Back to Bible Basics
A no-frills approach to Bible engagement in Charlotte, N.C. is spreading God's Word beyond the four walls of the church.
"I really made a mistake,” thought Mark Gott, a Christian attorney in Charlotte, N.C.
Gott had invited one of his colleagues to help start a Bible reading group for law professionals in their city. Only she wasn’t just any colleague.
“[She was] actually a judge who presides over some of my cases,” Gott says. “She never replied.”
For two long days, Gott worried that his reputation as a lawyer was in jeopardy. That’s when the judge stopped him in the hallway.
She was in.
Thanks to Gott’s leap of faith, he and his colleague now lead a thriving Bible reading group for law professionals in the Charlotte area. But the experience taught Gott a valuable lesson.
“It’s easy to do ministry in the context of a local church,” Gott says. “It’s a lot harder in your workplace.”
While sharing God's Word in his workplace hasn’t been easy, Gott says the unique format of his reading group has made all the difference.
The “Bible Cluster” that Gott helps facilitate is a no-frills approach to Bible engagement that’s gaining traction in Charlotte. By emphasizing communal reading rather than formal teaching, Bible Clusters provide a safe space for seekers to explore God’s Word, often for the very first time.
And with support from American Bible Society’s financial and prayer partners, a ministry called Charlotte Awake is training new Bible Cluster facilitators to help spiritually curious people encounter the power of God’s Word beyond the four walls of the church.
The genius of this approach resides not in its novelty, but rather in its simplicity.
“At the heart of Bible Clusters is a focus on encountering God in his Word,” says David Ingrassia, the stewarding pastor of Charlotte Awake and one of the leaders behind the Bible Clusters movement.
To help participants seek God in the pages of Scripture, Bible Clusters eliminate many elements found within traditional Bible studies, most notably, a leader who teaches through a curriculum.
“We remove the middle man,” says Ingrassia. “We go straight to the Word of God to let God speak for himself.”
What results is a weekly small group in which participants do three simple things.
“They read the Bible, they talk about the Bible, and then they close in prayer,” says Ingrassia. “In that process, they’re encountering God through his Word. That’s the key to the whole thing.”
But maintaining this simple formula is no simple task. That’s why Bible Clusters rely on group facilitators to keep discussions focused on the text of Scripture and to ensure that everyone can safely voice their thoughts and questions.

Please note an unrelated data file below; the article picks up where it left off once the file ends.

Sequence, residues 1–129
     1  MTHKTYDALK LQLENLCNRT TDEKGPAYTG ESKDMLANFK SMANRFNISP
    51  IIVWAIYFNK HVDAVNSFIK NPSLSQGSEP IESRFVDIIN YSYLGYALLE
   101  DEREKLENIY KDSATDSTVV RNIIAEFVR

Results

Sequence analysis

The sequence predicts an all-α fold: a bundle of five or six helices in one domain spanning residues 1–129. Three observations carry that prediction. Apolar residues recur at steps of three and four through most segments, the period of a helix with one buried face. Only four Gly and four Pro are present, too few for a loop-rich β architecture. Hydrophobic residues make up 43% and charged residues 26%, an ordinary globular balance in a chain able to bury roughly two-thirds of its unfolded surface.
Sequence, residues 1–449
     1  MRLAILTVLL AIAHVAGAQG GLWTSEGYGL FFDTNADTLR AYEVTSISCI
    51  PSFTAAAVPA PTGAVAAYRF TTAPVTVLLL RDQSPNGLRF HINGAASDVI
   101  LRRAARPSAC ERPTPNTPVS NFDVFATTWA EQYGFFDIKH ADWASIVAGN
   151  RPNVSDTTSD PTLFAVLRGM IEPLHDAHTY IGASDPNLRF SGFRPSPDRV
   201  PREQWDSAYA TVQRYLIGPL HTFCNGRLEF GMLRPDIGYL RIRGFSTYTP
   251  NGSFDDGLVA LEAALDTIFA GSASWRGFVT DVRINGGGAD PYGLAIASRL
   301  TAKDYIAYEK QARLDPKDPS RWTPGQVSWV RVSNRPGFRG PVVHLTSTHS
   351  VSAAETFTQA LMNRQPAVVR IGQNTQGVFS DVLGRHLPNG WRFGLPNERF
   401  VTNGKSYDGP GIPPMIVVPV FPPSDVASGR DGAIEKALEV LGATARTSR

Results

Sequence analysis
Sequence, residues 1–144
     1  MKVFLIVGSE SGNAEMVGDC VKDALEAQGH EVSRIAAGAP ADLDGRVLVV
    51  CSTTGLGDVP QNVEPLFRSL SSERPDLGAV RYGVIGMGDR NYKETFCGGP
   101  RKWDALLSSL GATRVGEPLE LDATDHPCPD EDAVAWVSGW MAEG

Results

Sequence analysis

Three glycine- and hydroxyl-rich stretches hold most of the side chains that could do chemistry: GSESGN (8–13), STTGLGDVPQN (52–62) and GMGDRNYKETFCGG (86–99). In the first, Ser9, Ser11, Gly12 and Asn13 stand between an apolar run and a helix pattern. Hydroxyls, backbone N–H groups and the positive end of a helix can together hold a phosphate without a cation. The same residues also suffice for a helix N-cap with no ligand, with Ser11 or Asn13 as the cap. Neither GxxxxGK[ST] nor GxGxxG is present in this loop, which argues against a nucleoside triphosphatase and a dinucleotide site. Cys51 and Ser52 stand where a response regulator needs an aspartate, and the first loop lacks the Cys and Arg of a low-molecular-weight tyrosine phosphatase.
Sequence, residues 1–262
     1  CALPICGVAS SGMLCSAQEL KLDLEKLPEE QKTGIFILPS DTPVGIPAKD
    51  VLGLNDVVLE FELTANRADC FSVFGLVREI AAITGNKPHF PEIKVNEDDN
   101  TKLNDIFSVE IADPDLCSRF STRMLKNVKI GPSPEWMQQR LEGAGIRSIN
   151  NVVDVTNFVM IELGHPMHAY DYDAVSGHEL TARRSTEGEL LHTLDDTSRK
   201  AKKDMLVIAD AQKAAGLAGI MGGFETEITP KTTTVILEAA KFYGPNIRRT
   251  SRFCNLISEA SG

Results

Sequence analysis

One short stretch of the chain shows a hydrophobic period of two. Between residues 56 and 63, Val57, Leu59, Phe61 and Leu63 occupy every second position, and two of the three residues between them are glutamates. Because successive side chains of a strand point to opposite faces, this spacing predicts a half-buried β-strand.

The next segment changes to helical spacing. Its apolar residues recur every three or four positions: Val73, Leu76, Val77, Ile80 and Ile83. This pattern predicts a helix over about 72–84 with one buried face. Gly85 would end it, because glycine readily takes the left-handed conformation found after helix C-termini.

Gott knows firsthand that this isn’t always easy. Fostering honest discussion about the Bible—especially among new believers—means biting your tongue when somebody voices an opinion you disagree with.
“We really have to rely more on the Holy Spirit and trust those in the group,” Gott says.
But Gott insists that the benefits of this open discussion far outweigh the challenges.
“I’m seeing different flavors, if you will, of what the Church is,” he says. “What unites us far outweighs what divides us.”
To train believers like Gott in the art of running a Bible Cluster, American Bible Society’s financial partners have come alongside Charlotte Awake to produce an online video training module for new facilitators. In addition to growing this vibrant ministry in Charlotte, the online training materials make it possible to scale Bible Clusters well beyond the Carolinas.
“People don’t even have to come to Charlotte Awake to get Bible Clusters.” says Ingrassia. “Every believer actually becomes an ambassador of the gospel, because now they can engage at work … in their neighborhoods … at home. There are no barriers to this.”
For now, Ingrassia is happy to see this Bible movement changing lives in his hometown. One of his favorite testimonies comes from a banker who felt comfortable enough to bring his Hindu coworker to a Bible Cluster.
“By the time [the Hindu coworker] left, he could see through the people, the love of God, and through the Word, the truth of God,” says Ingrassia. “Those were the first steps of evangelism.”
Through the faithful support of American Bible Society’s financial and prayer partners, everyone from lawyers to bankers to students to retirees are more confident than ever sharing God’s Word in every sphere of life. Bible Clusters aren’t reinventing Scripture engagement, but they are injecting fresh life into the Church’s 2,000-year-old mission.
“This is a way in which everybody can engage in the mission that Christ gave us—to make disciples of all nations,” Ingrassia says.
To equip leaders in the U.S. with the power of God’s Word, visit ABSRecord.com/Bibles
Thanks to the support of our faithful financial partners, American Bible Society has been engaging people with the life-changing message of God’s Word for more than 200 years.
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